Gauging (potential) employee performance can be tough, especially when you have the magic mix of growth and constant change. While thinking about staff performance with my co-founder we always seem to end up agreeing that leadership is a core trait. The ability to listen, be humble and focus on self improvement are essential for early employees to succeed.
As a founder, you’re constantly looking for new talent while nourishing existing colleagues. Measuring their performance can be challenging, especially if you’re pre-revenue or your product market fit has more holes than Dutch (it’s just better than Swiss) cheese. How are you going to review your first salesperson’s ability to close without tested conversion rates? What gives you the authority to call out a marketeer on engagement if your customer segment has not been fleshed out?
People have told me that I should only hire a salesperson after closing 100 customers. This would indeed be an ideal scenario, but the reality is hardly ever ideal. What if your sales cycles are 6-12 months and your domestic market is tiny. Moreover, the external market with the highest potential is more (read: only) accessible for a local. At this point, the data driven approach to business - which we all aspire to have - leaves the picture incomplete and lacks real and actionable substance.
This is one of the reasons why GROM started off with fusing key performance indicators (data) with values. In absence of significant data, the latter will help you figure out the future trajectory of employees in the company.
Leadership is a key value for us as we hope to see early employees play a pivotal (managerial) role as the company grows. There are so many ways to explain and define leadership, Amazon counts over 60,000 books on the subject. At GROM we have our own take on the matter.
Be more than a “visionary”
In a world fueled by optics and instant gratification, it has become more important to sound like a leader than to actually be one (#Garyvee). Instead of constantly touting your amazing vision and solution laced oratory skills, focus on listening. And when you speak, make sure that your team actually understand what you’re saying and buy in. “Does that make sense?” might be one of the most important questions I’ve ever made my own (thanks Robert Neivert).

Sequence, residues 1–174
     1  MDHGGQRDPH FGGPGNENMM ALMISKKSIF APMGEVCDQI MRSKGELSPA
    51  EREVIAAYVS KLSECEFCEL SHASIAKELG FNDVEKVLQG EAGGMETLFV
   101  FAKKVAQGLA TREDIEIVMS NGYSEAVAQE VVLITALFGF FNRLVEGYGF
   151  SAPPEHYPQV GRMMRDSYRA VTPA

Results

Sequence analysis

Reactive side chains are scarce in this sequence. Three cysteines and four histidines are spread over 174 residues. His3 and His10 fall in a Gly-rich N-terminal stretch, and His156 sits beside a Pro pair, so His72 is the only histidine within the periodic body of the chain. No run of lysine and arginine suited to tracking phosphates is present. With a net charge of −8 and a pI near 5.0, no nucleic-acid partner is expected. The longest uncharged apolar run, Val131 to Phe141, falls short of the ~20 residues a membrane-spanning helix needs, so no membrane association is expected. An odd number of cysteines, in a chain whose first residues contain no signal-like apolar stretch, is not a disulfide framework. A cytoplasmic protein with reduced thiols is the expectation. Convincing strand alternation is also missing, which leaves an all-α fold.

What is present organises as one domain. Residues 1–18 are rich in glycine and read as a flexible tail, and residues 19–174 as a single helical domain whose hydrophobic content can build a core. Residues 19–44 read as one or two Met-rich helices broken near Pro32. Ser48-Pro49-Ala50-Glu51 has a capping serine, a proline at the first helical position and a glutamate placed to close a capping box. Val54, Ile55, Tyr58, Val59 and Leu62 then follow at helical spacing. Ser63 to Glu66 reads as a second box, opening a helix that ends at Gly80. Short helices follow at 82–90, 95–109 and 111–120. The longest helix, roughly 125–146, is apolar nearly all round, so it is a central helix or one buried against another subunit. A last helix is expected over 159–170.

All your achievements in life are (at least partially) the by-product of interactions with others. Whether positive or negative, they have brought or pushed you to where you are today. Being conscious of this fact and thankful (both in thoughts and words) ensures that your team will enjoy working with, and goes the extra mile for you.
If the lifeblood of a healthy company is communication, then we see reflection meetings as the ventricle pumps and atrium (yes, I needed to google that analogy too). On a weekly basis, my co-founder and I take 30-minutes out of our schedules and put ourselves in your shoes and hope you’ll do the same. “Leader employees” view these sessions as an opportunity to grow and will play an active role in improving the experience. (“Not yet” or “never”) leaders will perceive feedback as a malicious attempt from the founders to attack them and can’t wait to get it over with.
A constructive reflection meetings require a high level of trust, self-confidence and (sometimes) vulnerability from everyone involved. It requires people to understand and internalize where others are coming from, even if they don’t agree. These traits are core to your ability to be a leader in GROM. It takes guts to both share and positively receive feedback.
At GROM we always aspire to be more than we were yesterday, and so, the above traits are not exhaustive. I would also be contradicting our view on leadership when arguing that we - as founders - never fall short. We are, however, a family which is bound by the drive to improve ourselves and our solutions everyday.